Description:The west arm of Bay de Charles, running parallel to the Bay. (See Three Brothers). It seems to be growing into a resort. Six or seven club houses have been built along the shores. So named for the Heather family who owned great tracts of land in the vicinity. (Atlas Marion 1913; Belle Lee; Presley Lane (F) John Lemmons)
Source:Elliott, Katherine. "Place Names of Six Northeast Counties of Missouri." M.A. thesis., University of Missouri-Columbia, 1938.

Place name:Hebron Church
Description:A Methodist Church north of Grassy Creek in the northeast corner of the county; organized in 1838, meeting in the home of the Wisemans. In 1863, a church was built 1.5 miles southwest of Maywood, Lewis County. A Biblical name;--Abraham came to Hebron and there built an altar unto the Lord. (Gen. 13:18) (Atlas Marion 1901; Soil Survey, Marion 1911; Thaddeus R. Smith; John Lemmons)
Source:Elliott, Katherine. "Place Names of Six Northeast Counties of Missouri." M.A. thesis., University of Missouri-Columbia, 1938.

Place name:Hebron School
Description:A schoolhouse in the northeast corner of the county. No longer in existence. It took its name from Hebron Church in the vicinity. (Atlas Marion 1901; E.C. Bohon)
Source:Elliott, Katherine. "Place Names of Six Northeast Counties of Missouri." M.A. thesis., University of Missouri-Columbia, 1938.

Place name:Helping Hand Baptist Church (Colored)
Description:A Baptist Church in Hannibal on the corner of 11th and Lyon Streets; a recent church. An ideal name. (Hannibal Courier-Post, February 20, 1937)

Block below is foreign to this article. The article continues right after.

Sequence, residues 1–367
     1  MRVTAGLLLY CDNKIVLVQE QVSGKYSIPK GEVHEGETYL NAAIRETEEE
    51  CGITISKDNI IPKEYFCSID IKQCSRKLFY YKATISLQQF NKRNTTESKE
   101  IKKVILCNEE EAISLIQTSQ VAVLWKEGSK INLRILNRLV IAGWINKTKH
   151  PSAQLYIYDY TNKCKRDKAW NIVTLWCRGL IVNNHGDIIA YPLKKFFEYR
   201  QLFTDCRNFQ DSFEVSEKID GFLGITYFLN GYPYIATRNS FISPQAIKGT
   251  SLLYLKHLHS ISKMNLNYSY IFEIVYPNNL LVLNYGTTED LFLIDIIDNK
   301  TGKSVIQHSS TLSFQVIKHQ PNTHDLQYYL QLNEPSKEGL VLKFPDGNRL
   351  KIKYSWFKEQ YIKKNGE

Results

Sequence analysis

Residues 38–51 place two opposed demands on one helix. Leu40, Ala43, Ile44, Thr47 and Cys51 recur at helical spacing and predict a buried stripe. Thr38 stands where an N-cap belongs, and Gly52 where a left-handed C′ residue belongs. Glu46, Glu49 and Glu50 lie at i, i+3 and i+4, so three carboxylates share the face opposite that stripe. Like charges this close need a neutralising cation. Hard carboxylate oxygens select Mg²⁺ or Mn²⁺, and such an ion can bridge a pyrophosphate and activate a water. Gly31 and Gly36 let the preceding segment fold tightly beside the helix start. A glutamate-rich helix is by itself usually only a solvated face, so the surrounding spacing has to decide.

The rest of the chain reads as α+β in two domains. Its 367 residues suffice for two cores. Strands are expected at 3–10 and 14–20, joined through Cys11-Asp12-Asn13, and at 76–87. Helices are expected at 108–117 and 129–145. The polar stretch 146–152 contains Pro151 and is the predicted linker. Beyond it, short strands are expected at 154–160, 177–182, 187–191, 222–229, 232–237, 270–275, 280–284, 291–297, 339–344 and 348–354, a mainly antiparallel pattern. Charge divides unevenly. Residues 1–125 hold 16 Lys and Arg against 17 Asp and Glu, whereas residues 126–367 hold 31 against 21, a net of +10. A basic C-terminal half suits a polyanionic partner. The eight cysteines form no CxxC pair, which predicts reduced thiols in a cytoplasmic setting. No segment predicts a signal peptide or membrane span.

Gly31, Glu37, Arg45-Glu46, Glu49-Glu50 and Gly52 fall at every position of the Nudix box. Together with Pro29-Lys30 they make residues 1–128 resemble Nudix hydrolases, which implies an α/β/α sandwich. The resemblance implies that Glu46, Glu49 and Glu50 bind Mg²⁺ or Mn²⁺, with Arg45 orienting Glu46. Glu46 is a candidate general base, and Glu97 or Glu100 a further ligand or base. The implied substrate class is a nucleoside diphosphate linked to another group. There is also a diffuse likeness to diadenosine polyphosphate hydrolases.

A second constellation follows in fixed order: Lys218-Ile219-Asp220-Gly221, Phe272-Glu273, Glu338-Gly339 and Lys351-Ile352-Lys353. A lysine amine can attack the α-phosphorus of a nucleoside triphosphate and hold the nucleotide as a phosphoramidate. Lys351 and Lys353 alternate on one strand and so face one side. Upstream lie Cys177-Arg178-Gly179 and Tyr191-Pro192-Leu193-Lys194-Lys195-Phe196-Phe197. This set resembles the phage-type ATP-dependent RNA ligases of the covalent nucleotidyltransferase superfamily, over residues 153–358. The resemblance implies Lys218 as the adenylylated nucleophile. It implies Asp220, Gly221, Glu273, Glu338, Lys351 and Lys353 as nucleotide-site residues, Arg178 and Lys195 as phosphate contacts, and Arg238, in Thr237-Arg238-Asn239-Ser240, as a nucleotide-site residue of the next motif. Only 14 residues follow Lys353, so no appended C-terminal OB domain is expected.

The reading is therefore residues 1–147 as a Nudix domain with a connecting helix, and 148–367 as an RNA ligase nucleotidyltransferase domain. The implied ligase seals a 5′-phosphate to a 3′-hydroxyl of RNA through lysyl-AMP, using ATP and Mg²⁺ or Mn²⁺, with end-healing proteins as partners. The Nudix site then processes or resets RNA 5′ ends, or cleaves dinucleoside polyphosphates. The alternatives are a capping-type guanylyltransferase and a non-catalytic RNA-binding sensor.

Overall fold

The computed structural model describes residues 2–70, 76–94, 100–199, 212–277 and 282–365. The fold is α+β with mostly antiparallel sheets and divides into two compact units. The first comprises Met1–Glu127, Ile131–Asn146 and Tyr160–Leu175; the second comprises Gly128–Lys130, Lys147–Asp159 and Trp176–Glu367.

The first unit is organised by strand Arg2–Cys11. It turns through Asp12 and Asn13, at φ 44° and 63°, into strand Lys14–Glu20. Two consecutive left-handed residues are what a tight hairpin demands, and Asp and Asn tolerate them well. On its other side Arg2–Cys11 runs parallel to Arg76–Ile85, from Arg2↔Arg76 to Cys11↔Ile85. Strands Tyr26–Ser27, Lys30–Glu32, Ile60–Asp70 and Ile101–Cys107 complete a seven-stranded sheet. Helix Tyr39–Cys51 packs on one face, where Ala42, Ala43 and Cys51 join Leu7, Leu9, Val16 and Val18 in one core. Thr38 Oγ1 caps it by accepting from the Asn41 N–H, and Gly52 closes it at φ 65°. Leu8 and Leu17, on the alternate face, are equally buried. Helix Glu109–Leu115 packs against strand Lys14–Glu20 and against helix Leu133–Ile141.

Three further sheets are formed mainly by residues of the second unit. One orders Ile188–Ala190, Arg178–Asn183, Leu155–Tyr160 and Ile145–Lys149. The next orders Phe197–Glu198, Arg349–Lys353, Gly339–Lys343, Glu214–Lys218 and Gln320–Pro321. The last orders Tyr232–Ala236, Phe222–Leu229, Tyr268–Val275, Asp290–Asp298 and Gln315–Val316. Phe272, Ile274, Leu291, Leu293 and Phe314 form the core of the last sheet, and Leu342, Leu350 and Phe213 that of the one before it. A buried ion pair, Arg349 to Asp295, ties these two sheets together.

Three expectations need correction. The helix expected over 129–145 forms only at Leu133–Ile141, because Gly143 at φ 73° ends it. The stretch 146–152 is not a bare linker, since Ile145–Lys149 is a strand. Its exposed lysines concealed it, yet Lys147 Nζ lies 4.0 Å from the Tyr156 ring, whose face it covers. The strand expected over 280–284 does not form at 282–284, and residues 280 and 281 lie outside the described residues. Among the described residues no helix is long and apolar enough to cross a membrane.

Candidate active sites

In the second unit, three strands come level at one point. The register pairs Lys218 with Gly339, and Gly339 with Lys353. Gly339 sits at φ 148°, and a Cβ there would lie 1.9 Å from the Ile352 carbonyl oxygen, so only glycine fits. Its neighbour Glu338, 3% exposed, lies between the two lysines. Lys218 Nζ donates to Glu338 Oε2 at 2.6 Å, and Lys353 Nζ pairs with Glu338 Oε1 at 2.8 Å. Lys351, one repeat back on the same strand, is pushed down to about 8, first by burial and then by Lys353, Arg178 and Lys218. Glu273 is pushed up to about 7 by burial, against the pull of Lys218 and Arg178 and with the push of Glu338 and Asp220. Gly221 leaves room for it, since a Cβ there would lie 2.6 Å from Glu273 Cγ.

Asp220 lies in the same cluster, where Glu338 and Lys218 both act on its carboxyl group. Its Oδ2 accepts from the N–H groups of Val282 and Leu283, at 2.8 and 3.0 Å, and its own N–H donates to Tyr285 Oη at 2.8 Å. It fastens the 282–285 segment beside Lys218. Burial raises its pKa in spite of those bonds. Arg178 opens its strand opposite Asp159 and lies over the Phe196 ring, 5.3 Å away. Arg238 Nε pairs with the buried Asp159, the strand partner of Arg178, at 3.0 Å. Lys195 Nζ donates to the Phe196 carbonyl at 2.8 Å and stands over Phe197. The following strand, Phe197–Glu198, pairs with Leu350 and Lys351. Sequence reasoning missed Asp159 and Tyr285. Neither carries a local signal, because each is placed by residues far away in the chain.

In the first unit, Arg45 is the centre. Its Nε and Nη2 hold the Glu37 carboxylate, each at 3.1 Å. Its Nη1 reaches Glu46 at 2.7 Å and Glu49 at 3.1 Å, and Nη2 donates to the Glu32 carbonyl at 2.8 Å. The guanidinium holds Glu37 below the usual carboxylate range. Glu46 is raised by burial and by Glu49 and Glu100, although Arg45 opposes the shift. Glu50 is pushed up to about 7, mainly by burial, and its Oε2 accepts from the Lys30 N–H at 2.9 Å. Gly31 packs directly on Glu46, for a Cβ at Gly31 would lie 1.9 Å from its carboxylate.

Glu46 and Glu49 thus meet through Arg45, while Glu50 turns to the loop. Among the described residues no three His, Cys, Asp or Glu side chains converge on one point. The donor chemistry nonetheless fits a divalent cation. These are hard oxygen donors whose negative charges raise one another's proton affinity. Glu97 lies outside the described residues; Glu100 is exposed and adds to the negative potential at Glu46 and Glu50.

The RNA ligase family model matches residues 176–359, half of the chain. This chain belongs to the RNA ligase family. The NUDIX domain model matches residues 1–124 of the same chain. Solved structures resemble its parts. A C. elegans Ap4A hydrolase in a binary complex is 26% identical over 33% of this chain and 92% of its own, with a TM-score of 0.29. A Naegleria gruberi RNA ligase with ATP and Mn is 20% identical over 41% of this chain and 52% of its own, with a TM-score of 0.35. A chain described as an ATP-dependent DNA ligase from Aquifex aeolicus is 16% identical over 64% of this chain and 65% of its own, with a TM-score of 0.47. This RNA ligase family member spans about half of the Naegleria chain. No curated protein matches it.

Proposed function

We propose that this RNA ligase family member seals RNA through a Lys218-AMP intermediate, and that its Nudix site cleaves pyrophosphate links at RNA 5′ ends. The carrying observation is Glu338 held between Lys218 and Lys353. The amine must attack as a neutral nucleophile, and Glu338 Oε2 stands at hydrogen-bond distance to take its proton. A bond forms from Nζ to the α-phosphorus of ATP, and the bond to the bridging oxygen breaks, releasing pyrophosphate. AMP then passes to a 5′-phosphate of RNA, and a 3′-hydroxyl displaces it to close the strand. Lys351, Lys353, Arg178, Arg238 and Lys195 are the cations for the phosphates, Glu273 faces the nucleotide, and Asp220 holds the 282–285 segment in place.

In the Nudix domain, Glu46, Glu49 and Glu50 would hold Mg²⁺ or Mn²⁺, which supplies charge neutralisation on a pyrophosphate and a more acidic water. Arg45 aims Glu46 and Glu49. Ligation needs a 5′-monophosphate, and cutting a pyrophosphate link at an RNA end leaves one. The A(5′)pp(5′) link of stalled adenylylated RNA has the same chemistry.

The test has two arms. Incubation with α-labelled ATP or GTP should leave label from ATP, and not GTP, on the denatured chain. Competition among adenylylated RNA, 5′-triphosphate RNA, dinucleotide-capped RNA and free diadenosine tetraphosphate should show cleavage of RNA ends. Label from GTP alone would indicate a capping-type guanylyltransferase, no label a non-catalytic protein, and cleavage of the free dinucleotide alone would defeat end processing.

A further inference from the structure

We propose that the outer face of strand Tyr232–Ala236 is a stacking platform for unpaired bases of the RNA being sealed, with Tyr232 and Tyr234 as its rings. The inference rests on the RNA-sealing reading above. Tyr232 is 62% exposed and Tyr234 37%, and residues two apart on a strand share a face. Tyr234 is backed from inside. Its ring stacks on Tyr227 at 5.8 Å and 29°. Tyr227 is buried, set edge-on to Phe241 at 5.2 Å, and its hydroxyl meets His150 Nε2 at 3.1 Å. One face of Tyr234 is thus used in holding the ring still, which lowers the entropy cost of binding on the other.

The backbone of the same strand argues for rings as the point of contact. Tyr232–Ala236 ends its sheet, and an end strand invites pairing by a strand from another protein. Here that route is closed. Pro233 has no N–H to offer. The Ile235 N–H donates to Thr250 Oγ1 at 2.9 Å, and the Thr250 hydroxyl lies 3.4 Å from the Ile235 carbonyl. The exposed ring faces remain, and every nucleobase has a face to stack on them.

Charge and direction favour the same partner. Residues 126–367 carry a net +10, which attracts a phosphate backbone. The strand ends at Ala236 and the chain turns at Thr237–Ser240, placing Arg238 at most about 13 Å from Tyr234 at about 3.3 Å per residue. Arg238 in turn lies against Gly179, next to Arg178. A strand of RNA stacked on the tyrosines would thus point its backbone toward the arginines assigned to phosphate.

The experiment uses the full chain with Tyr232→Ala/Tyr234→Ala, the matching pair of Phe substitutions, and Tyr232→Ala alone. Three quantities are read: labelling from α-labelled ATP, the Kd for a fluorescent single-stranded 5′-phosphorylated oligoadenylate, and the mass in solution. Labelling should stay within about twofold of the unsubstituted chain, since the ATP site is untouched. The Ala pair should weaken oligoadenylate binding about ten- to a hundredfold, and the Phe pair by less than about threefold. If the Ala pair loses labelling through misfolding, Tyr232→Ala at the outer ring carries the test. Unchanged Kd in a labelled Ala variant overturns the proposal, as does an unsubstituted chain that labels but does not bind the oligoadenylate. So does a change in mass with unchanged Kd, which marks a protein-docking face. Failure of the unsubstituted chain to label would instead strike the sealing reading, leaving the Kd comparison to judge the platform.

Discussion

Source:Elliott, Katherine. "Place Names of Six Northeast Counties of Missouri." M.A. thesis., University of Missouri-Columbia, 1938.

Place name:Helton
Description:A post office in 1879; discontinued by 1883; a station of the Chicago, Burlington and Quincy, six miles east of Palmyra, on the boundary between Miller and Liberty Townships. Known also as Helton Station. Spelled Hinton on the map of 1877. So named for Judge Helton who owned land at this point. (Polk 1879-1883; Atlas Marion 1913; Mirror 80; Maps Mo. from 1877; Thaddeus R. Smith)
Source:Elliott, Katherine. "Place Names of Six Northeast Counties of Missouri." M.A. thesis., University of Missouri-Columbia, 1938.

Place name:Helton Station
Description:See Helton
Source:Elliott, Katherine. "Place Names of Six Northeast Counties of Missouri." M.A. thesis., University of Missouri-Columbia, 1938.

Place name:Hendren School
Description:See Clear Creek School
Source:Elliott, Katherine. "Place Names of Six Northeast Counties of Missouri." M.A. thesis., University of Missouri-Columbia, 1938.

Place name:Hester